Stray, starving dog rescued and needs a home
And we say cats have nine lives. Here’s a dog who – at last count, – looks to have more than that, and she’s not even been alive for as many months.
“Hello, animal control? I’m calling from Tile Court at TRE and there’s a dog that’s not much more than a bag of bones sitting on my porch,” the caller said to Rhonda Fingar, Douglas County Animal Control supervisor last week. “Can you come get it?”
Routine call. Bag of bones, yeah right, we’ve seen that before -another stray that’s been on its own for long enough to lose a little weight. But this one turned out to be one for the record books – a dog so skinny that “bag of bones” might be a bit of an exaggeration on the flattering side.
“This is definitely one of the skinniest dogs we’ve ever seen,” said Fingar, who’s been with animal control for 14 years. “It was so incredibly skinny that none of us could believe it.”
But this was not an ordinary stray. The female “Heinz 57” lab mix with short reddish fur had an immediate effect on everyone who came in contact with her. Even with blood caked around her mouth, scars from who-knows- what on her muzzle, dirty fur and bones jutting out from every angle of her frame, she was a honey.
“Bag O’ Bones” had a disposition that was so friendly and endearing that Fingar and the other animal control officials faced the immediate dilemma of what to do with this nonetheless “pretty far gone” pup. It’s something these professional pet protectors deal with every day – sometimes it’s a cut-and-dried decision and sometimes it’s not.
It didn’t help that “Squirmy” wagged her tail so enthusiastically and so constantly that the bloody injury on the tip of her tail wouldn’t heal. Every time she saw people, she would gyrate so vigorously that her tail left blood streaks on everyone.
“She’s a sweet dog and wags her tail so much and so hard that she’s got what we call ‘kennel tail,’ where an injury to the tail never gets a chance to heal because it is constantly getting whacked against a cage or wall in their enclosure,” Fingar said.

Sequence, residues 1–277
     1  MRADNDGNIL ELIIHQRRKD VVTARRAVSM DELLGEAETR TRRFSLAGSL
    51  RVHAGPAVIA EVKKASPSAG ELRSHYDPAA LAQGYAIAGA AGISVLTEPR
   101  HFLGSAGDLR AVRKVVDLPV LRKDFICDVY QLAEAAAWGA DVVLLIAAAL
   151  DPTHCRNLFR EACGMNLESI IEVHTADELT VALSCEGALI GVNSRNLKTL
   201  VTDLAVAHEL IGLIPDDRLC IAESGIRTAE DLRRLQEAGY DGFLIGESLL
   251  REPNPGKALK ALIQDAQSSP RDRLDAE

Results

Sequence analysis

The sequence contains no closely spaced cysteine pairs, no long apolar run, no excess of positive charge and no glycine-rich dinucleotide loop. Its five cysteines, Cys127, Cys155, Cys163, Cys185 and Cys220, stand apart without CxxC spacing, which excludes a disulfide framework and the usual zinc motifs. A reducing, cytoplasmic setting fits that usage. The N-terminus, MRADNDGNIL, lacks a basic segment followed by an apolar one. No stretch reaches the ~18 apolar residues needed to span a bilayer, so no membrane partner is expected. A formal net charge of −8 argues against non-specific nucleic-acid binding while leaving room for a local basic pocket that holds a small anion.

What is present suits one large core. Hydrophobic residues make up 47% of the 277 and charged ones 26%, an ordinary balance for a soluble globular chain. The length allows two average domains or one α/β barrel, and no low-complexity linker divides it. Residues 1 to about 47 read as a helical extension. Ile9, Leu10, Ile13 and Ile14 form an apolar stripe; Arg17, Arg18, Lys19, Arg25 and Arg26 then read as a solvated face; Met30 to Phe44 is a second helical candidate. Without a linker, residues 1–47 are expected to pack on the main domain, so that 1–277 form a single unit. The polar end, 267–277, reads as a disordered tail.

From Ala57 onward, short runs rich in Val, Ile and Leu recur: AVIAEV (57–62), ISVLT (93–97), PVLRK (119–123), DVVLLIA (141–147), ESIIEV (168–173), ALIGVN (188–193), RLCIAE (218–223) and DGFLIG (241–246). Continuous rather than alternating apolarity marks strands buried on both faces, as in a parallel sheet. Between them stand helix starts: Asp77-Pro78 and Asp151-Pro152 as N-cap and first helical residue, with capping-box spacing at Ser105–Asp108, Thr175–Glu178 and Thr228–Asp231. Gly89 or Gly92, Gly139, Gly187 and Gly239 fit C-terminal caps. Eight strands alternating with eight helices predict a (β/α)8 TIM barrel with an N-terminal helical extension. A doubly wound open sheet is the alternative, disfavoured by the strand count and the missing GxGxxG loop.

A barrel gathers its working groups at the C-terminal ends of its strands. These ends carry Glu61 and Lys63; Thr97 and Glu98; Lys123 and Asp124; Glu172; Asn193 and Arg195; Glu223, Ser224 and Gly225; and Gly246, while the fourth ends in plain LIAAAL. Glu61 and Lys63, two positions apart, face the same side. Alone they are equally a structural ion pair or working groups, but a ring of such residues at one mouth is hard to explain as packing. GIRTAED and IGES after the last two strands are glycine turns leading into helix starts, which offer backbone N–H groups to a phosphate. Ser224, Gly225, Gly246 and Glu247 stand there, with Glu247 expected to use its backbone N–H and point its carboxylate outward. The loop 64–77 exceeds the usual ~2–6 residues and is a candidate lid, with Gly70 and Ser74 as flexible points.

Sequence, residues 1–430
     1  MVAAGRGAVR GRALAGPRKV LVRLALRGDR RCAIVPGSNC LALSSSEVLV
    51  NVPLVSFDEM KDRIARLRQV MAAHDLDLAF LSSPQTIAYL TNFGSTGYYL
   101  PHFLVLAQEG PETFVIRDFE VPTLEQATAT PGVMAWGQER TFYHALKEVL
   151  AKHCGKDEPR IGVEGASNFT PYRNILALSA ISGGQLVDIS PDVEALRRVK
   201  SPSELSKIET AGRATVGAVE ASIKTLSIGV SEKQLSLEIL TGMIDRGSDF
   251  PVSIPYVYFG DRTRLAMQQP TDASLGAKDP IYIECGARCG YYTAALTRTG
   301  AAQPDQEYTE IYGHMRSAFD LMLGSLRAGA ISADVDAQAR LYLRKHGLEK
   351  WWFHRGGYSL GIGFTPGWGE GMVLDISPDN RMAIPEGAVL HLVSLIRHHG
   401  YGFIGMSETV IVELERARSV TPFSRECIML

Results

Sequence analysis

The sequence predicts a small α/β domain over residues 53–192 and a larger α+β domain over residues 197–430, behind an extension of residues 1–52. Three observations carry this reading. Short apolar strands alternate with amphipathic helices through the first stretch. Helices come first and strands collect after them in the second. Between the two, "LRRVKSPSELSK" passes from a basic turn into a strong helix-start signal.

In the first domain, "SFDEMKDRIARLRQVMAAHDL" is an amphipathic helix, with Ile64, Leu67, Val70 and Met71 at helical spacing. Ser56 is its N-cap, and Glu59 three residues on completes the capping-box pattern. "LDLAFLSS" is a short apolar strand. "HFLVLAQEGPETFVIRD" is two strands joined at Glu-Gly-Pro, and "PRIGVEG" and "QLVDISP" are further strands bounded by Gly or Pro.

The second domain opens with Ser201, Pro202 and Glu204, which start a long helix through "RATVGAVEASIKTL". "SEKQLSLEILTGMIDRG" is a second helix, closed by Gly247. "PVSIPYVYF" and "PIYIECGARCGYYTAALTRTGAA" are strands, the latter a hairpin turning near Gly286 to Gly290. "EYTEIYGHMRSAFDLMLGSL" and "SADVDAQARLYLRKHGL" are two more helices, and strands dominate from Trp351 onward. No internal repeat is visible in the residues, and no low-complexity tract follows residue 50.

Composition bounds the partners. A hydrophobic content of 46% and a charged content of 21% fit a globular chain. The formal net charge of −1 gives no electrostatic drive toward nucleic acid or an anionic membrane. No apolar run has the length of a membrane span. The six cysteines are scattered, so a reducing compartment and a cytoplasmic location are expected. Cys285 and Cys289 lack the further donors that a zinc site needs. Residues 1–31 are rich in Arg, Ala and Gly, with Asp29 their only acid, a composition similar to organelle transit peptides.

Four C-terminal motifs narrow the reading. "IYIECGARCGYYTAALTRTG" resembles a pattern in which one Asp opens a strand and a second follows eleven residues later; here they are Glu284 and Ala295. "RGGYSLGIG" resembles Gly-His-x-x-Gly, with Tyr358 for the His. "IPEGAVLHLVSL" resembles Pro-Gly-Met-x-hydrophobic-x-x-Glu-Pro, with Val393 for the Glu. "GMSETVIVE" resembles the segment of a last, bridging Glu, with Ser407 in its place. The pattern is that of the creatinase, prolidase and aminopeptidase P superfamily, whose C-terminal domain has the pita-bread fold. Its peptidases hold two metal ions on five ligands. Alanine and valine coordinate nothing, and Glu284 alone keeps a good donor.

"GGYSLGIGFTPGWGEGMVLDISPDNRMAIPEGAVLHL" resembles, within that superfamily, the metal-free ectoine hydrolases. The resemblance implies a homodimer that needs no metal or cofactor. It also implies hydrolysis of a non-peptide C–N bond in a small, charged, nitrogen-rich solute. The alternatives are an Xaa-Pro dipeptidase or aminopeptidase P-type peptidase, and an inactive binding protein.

While animal control works with all Carson Valley veterinarians on a rotating basis and each vet does their best to give animal control their best “shelter-only” prices, still a tail job was above and beyond.
This time it was Dr. Stephen MacCabe’s turn in the rotation. Owner of Job’s Peak Veterinary Hospital in Gardnerville, MacCabe did recommend amputation for the infected tail, which was injured to the point where it was actually dying tissue.
“There was no way the tail injury could heal because it was already dead tissue,” he said. “The distalin was necrotic, so we wanted to go back to healthy tissue, which would leave her about four inches of tail.”
Complicating the operation would be the fact that the pup’s near-starvation condition had weakened. She required replacement fluids and had diarrhea in response to ingesting food after such a long fast. She would also need to be wormed and spayed, and, now that you mention it, in spite of her boniness, she had a belly that hinted at pregnancy. What to do?
“When we took her to Dr. MacCabe and asked him what he thought we should do with her, at first he said we should probably put her to sleep,” Fingar said. “But then he said, ‘Rhonda, this is a sweet dog. Everybody here loves her.'”
Job’s Peak Veterinary Hospital receptionist Linda Galli agreed.
“Some dogs in her shape don’t want humans to touch them,” she said. “But ‘Bones,’ as we call her, was a sweetheart.”
In spite of a laundry list of temporary ills, MacCabe said the canine was basically sound.
“She has an excellent personality and will make a great backyard companion for someone,” MacCabe said. “She thinks you’re the greatest person in the world if you rub her ears.”
In the end, Fingar made the decision to gamble on “Lucky,” and gave the go-ahead to have her get the full treatment by MacCabe, which would amount to around $250.
“Clinically, Dr. MacCabe said there was nothing wrong with the dog and, really, she’s such a love,” Fingar said. “We can’t spend this much money on every dog, but she is so wonderful. We just know she’ll make a wonderful pet.”
“She is going to make somebody a great pet,” Galli said. “After her operation to remove the tail, you know she had to be hurting, but she was still so happy and loving. She’s remarkable.”
“Stubby” is now at the animal shelter off Pinenut Road south of Gardnerville. She is recovering well, according to one of her favorite humans, Val Nenzel, a 3-year employee of the shelter.
“She is one of the friendliest dogs I’ve seen here,” Nenzel said as her charge nuzzled her enthusiastically. “She’s great.”
If you are interested in adopting this pup, it will cost the standard $83 for a female dog, which covers shots, licensing and spaying. Any money toward her veterinary bill will be welcome, but not required, Fingar said.
Or, if you don’t need another pet but would like to help defray the costs of “Bones,” “Bag O’ Bones,” “Squirmy, “Lucky” and/or “Stubby’s” rescue so the next desperate stray can be saved, contact the animal shelter at 782-9061.
If you adopt her, you can give her a name of your own.